SUPPORT FOR PROPOSED BILLS LIMITING CORPORATE INVERSIONS WEAK GIVEN DESIRE FOR FULL INTERNATIONAL TAX OVERHAUL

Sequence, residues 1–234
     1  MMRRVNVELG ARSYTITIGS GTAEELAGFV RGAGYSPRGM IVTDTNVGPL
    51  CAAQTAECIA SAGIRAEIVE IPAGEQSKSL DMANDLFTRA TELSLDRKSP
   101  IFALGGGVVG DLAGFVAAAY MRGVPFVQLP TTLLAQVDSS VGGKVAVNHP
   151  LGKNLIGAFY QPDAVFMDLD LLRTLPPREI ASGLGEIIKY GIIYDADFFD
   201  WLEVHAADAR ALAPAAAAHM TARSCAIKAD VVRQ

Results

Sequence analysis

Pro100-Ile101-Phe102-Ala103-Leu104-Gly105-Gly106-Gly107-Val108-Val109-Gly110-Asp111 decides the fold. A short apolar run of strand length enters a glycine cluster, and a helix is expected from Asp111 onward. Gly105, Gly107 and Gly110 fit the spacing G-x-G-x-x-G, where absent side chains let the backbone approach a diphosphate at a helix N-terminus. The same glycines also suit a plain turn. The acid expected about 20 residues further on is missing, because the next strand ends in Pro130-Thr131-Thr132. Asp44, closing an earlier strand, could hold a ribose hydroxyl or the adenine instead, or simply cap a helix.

The Stop Corporate Inversions Act was introduced in the Senate on May 20 by Senator Carl Levin. The bill represents an attempt to tighten U.S. tax rules preventing so-called “inversion” transactions, defined generally as those involving mergers with an offshore counterpart. Under current law, a U.S. company can move its headquarters abroad (even though management and operations remain in the U.S.) and take advantage of lower taxes, as long as at least 20% of its shares are held by the foreign company's shareholders after the merger. Under the bill, the foreign stock ownership for a non-taxable entity would increase to 50% foreignowned stock. Furthermore, the new corporation would continue to be considered a domestic company for U.S. tax purposes if the management and control remains in the U.S. and at least 25% of its employees, sales, or assets are located in the U.S. The Senate bill would apply to inversions for a two year period commencing on May 8, 2014. A companion bill (H.R. 4679) was introduced in the House which would make the changes permanent. However, the bills face opposition on the Hill with lawmakers indicating that the issue could be better solved as part of a broader tax overhaul. House Republicans favored pushing corporate tax rates lower as opposed to tightening inversion requirements, believing that the lower rates would give corporations an incentive to stay in the U.S. and invest, rather than go overseas for a better corporate tax rate. Senate Finance Committee Chairman Ron Wyden (D-Ore.) stated that he would consider the issue at a later time during a hearing on overhauling the international tax laws but would not introduce anti-inversion legislation nor would he sign onto the Levin bill. We agree that any changes to the inversion rules should not be made in isolation but as part of an overall rationalization of the U.S. international tax system.